The Chinese metropolis has developed into the world’s most successful urban scheme. Combining bottom-up energy with top-down force, it pushes cities and their inhabitants towards progress, fast-forward. China’s megacities are efficient, with well-functioning infrastructures, top-notch public transport, proper housing, steady economic growth, a low crime rate, an attractive climate for foreign investors, and a glitzy skyline to boot. Can this metropolis be the blueprint for cities worldwide?
Sarah Chayes is a senior associate in the Democracy and Rule of Law Program and the South Asia Program at the Carnegie Endowment. Formerly special adviser to the chairman of the Joint Chiefs of Staff, she is an expert in South Asia policy, kleptocracy and anti-corruption, and civil-military relations. She is working on correlations between acute public corruption and the rise of militant extremism. Chayes is author of Thieves of State: Why Corruption Threatens Global Security
Kongdan Oh is a Senior Asia Specialist at the Institute for Defense Analyses. She is also a member of: the Council on Foreign Relations and its Korea Task Force, the Korea Working Group of the United States Institute of Peace, the Board of Directors of the United States Committee of the Council for Security Cooperation in the Asia-Pacific, and the co-founder and former co-director of The Korea Club of Washington, D.C. Oh was previously a nonresident senior fellow at the Brookings Institution and is a specialist in East Asian affairs, focused on North and South Korea and Japan. Her research projects include regional security, inter-regional politics, and U.S. security and foreign policy on Asia.
Fred Tanner is currently Senior Adviser to the Crisis Management Centre of the Swiss Ministry of Foreign Affairs in Bern, Switzerland. From September 2013 to December 2016 he was Senior Adviser to the OSCE Secretary General in Vienna and OSCE Project Leader of the ‘’Panel of Eminent Persons for European Security as a Common Project’’. Throughout this period, he also served on the UN Secretary General’s Advisory Board on Disarmament Matters.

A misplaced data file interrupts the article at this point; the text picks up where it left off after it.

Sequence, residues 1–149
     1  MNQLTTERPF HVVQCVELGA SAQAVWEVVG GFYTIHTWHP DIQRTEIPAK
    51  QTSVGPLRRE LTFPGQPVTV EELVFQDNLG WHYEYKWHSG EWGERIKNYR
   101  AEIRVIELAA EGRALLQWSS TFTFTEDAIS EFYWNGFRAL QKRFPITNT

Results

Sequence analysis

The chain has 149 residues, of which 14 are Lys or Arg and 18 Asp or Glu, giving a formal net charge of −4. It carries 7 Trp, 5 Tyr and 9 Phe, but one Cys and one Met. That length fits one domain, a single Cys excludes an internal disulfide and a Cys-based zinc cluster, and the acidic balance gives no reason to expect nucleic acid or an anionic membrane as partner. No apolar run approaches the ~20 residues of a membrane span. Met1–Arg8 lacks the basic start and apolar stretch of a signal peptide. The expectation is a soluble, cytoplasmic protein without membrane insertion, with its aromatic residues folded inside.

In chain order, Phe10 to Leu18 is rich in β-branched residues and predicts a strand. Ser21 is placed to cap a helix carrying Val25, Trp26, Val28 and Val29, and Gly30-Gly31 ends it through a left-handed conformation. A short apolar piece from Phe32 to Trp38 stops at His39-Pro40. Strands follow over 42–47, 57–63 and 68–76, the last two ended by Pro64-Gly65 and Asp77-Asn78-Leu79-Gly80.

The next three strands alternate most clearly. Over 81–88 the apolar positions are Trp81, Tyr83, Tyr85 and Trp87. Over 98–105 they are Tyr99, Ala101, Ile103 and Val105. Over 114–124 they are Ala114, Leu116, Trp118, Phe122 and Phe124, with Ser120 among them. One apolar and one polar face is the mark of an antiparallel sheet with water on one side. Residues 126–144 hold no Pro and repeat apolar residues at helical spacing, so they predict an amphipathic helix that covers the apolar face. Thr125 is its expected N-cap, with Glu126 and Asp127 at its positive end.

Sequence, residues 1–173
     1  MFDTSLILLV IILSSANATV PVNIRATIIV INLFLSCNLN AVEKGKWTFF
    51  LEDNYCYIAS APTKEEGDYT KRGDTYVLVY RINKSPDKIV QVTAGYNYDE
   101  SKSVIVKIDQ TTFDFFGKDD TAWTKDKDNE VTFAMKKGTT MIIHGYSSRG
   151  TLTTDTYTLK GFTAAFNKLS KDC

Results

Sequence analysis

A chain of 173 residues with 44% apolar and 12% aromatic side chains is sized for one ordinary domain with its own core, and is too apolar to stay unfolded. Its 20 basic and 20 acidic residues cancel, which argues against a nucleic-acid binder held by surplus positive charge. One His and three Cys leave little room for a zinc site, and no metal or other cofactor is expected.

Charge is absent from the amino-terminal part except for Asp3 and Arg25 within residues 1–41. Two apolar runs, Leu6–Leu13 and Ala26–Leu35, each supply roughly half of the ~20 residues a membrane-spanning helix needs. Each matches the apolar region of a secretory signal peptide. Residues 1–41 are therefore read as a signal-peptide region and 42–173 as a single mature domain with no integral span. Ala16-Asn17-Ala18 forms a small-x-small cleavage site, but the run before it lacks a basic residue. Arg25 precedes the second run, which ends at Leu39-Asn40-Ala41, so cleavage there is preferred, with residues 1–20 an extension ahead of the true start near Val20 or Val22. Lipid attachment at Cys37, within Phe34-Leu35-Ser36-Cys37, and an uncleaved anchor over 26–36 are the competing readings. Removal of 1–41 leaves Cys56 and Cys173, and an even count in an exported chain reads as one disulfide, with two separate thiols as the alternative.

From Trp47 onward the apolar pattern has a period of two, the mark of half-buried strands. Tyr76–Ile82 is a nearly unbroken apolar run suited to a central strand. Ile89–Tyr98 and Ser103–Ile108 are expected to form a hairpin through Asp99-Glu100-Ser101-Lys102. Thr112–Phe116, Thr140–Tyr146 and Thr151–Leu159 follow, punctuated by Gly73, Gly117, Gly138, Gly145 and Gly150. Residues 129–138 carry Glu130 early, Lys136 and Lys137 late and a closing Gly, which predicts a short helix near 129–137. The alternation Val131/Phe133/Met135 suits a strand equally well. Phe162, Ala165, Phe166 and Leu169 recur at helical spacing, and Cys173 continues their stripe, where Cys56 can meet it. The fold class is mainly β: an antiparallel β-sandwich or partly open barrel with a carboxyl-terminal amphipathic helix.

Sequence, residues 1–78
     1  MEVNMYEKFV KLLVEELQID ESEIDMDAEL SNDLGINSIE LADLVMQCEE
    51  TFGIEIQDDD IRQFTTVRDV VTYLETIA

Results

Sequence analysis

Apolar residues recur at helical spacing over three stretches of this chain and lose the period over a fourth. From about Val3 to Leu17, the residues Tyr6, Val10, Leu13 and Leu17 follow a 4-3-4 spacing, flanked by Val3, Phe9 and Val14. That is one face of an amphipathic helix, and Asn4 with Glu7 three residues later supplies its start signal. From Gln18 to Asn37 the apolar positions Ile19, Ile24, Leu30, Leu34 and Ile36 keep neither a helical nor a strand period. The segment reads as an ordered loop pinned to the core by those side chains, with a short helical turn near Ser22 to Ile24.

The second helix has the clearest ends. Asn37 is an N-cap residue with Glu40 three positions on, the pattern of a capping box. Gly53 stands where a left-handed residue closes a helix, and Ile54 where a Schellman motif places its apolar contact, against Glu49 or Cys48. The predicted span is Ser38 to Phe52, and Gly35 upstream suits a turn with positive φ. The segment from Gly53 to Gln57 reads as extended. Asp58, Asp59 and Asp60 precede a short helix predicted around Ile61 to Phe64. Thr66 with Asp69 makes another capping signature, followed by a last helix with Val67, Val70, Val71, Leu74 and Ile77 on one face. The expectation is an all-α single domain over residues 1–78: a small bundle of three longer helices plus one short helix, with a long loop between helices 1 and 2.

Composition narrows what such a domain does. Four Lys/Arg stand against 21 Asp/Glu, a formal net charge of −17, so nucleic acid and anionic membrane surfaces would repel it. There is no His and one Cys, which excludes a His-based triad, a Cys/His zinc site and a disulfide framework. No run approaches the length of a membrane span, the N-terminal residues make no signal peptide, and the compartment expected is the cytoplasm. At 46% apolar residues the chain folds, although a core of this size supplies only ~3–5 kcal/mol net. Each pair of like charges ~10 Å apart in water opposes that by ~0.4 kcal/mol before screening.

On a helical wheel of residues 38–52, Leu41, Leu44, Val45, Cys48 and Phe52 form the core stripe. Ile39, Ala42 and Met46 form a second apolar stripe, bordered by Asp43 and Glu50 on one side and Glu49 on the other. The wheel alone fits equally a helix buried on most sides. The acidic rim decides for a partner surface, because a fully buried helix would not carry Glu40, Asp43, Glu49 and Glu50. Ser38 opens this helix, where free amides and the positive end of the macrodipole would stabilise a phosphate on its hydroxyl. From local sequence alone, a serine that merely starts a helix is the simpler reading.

Abdülhamit Bilici is a Turkish newspaper executive in exile in the United States following recent political turmoil and government oppression of the media in Turkey. Before leaving the country, Bilici served as editor-in-chief of the newspaper Zaman, the largest daily newspaper in Turkey. He also was Chief Executive Officer of its English-language version, Today’s Zaman. Bilici also served as general director of Cihan News Agency and editor of Aksiyon Weekly Magazine.
As Denver grows, it’s also becoming an increasingly global city, in part due to the work of organization seeking to establish Denver as a hub for trade, international visitors, and cultivating globally-minded citizens. Come to this Block Party to learn from three diverse networks based in Denver.
At The Washington Post, T.R. Reid covered Congress and four presidential campaigns, served as the paper’s bureau chief in Tokyo and London, and has reported from 4 dozen countries on five continents. T. R. Reid has written ten books in English and three in Japanese, and translated one book from the Japanese. His 2009 book “The Healing of America” became a national best-seller. PBS Frontline made two documentaries, “Sick Around the World” and “India–A Second Opinion” following Reid as he did the reporting for that book.
Ambassador Miguel Basáñez earned a bachelor’s degree in law at the National Autonomous University of Mexico in 1969 and followed that in 1974 with an M.A. in public administration from Britain’s University of Warwick. Basáñez then earned a Ph.D. in political sociology from the London School of Economics in 1980. By the mid-1980s, Basáñez was attorney general of the state of Mexico, which surrounds Mexico City. Beginning in 1986, he was private secretary to Secretary of Energy Alfredo del Mazo.
Join us at the 3rd Annual Posner Center Innovators Dinner to learn about the power of simple design and support innovation in international development. The evening will feature Amy Smith, the Founder of MIT D-Lab, an international development program based at the Massachusetts Institute of Technology that includes over 20 MIT courses, six research groups, and field programs — all of which emphasize experiential learning, real-world projects, community-led development, scalability, and impact assessment.